The significance of this city of Cyrene for biblical studies is that during the Second Temple period Cyrene was one of the main centers of Jewish Diaspora. The Jewish inhabitants of Cyrene were fully engaged in world affairs, closely connected to Jerusalem and other Jewish communities throughout the Mediterranean.
Jews who lived in Cyrene retained a strong sense of their identity. They sent offerings to the Jerusalem Temple (Josephus, Ant. XVI. 6, 5). They never forsook their national interests and fought alongside their brothers in Jewish Wars against Rome (Cassius Dio, LXVIII.32; Josephus, War VI. 2, VII. 11). Even the radical Zealots called the Sicarii operated in this Lybian Pentapolis (Josephus, War VII. 11). A man named Jason of Cyrene chronicled much of the historical events recorded in the Second Book of Maccabees (2 Macc 2:23). It appears the Cyrene Jewish community was sizable and certainly not insignificant Diaspora group.
Jews of Cyrene Make A Difference
The New Testament records that some Jewish followers of Jesus from Cyrene were responsible for the first Gentile converts in Antioch.
“So then those who were scattered because of the persecution that occurred in connection with Stephen made their way to Phoenicia and Cyprus and Antioch, speaking the word to no one except to Jews alone. But there were some of them, men of Cyprus and Cyrene, who came to Antioch and began speaking to the Greeks also, preaching the Lord Jesus. And the hand of the Lord was with them, and a large number who believed turned to the Lord. (Acts 11:19-21)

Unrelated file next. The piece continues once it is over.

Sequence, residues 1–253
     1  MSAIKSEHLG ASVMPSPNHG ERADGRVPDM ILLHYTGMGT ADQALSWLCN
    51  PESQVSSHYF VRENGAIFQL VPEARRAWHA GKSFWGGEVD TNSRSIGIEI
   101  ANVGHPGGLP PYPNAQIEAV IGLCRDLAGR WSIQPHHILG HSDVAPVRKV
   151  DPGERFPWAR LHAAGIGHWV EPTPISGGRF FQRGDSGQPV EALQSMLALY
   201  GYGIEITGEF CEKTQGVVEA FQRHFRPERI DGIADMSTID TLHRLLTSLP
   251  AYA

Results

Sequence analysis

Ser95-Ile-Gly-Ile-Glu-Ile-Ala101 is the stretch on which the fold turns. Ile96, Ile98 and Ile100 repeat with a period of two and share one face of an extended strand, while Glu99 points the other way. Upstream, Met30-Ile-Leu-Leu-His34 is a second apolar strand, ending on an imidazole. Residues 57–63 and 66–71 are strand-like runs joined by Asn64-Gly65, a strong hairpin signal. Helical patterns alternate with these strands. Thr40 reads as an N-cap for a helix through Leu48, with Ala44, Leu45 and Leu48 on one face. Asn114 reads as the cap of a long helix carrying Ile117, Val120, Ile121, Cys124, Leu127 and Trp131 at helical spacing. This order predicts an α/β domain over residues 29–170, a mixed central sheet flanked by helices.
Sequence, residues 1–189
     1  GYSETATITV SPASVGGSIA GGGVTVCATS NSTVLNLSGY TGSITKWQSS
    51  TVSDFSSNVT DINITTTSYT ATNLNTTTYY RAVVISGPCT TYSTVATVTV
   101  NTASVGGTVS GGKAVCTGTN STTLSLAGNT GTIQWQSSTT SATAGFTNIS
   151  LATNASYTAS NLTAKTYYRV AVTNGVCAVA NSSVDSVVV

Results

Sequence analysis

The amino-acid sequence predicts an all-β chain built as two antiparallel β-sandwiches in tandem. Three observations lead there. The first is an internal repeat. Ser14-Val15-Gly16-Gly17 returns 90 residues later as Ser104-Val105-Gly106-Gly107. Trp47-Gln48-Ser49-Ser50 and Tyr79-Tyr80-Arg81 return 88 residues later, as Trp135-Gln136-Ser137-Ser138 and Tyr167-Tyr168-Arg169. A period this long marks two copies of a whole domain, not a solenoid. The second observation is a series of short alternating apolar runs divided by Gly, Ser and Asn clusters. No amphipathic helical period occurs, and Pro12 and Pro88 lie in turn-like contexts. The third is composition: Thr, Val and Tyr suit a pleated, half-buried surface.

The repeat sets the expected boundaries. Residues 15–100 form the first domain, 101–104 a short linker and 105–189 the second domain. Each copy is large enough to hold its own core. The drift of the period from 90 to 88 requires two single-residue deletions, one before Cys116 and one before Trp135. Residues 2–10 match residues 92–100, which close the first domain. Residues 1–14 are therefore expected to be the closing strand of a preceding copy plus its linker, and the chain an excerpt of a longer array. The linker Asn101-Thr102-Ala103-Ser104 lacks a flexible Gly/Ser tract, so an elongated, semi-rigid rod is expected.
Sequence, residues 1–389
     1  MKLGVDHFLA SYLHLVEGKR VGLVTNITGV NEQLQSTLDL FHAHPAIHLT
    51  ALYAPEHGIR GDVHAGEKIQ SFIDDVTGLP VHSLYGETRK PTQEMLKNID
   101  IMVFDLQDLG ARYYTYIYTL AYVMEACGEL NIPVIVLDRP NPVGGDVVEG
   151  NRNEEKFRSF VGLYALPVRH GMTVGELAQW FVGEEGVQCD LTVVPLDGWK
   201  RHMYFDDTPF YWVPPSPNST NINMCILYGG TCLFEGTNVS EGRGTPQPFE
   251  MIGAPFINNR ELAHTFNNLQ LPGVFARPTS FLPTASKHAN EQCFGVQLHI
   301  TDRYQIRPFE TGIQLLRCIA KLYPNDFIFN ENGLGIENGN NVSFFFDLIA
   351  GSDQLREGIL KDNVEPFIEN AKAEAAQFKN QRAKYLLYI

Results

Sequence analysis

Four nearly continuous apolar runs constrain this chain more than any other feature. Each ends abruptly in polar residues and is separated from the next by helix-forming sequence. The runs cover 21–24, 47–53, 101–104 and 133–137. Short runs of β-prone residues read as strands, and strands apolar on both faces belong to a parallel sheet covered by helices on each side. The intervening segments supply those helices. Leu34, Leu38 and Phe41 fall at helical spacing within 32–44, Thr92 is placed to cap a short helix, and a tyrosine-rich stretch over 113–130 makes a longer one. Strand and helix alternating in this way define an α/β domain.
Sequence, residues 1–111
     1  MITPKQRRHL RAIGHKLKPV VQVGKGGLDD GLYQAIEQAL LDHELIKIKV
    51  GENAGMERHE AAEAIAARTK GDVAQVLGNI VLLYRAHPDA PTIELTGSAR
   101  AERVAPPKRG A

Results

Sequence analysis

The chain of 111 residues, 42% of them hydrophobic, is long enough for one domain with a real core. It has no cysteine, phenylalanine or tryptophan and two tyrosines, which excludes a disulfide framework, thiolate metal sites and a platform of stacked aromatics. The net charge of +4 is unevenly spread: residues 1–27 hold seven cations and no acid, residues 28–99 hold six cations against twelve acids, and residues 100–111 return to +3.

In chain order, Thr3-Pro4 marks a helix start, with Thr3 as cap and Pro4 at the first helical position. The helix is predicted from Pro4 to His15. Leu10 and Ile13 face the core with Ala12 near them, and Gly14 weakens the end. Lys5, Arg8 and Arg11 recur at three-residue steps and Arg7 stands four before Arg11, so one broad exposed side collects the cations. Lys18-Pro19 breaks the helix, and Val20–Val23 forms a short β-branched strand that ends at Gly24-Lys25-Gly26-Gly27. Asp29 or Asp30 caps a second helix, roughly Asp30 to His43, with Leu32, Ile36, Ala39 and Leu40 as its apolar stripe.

This act of outreach to the Greeks is very notable because apart from some proselytes and occasional God-fearers as Cornelius (Acts 10:2, 23-29) Jewish believers in Jerusalem did not engage in direct mission to the Gentiles. The Jews of Cyrene were Diaspora Jews, zealous in their ancestral faith, but much more open-minded and more comfortable with Hellenistic culture and Greek language. It appears that God used them to spearhead deliberate mission of the gospel to the non-Jews.
A man by the name of Lucian from Cyrene was one of the prophets and teachers in Antioch (Acts 13:1). And later Paul of Tarsus was called to teach in Antioch, precisely because of his expertise and calling to reach the Gentiles (Acts 11:25). The term the term “Christian” (Χριστιανός) originated in Antioch (Acts 11:26) and some say that the “non-Jewish Christianity” actually began in Antioch. And Jews from Cyrene were the ones responsible for this. They were the open-minded Jews who crossed the boundaries of culture, preached Jesus to the Gentiles and saw the very first fruit.
Though Cyrene was overshadowed by other cities and declined by the fifth century AD, it left a distinct mark on the history of the region. Jews of Cyrene left a distinct spiritual mark through their proclamation of the gospel. It is not a coincidence that the New Testament depicts Diaspora Jews from Cyrene and other Hellenistic cities as open-minded and deliberate in their efforts to proclaim Jesus to the Gentiles.
The Jews of Cyrene have been instrumental in Antioch. Besides that, they undoubtedly contributed to the proclamation of the gospel in North Africa. Such men as Tertullian, Cyprian and Augustine came out of the African church, yet few today trace the faith of these men back to the zealous Jews of Cyrene.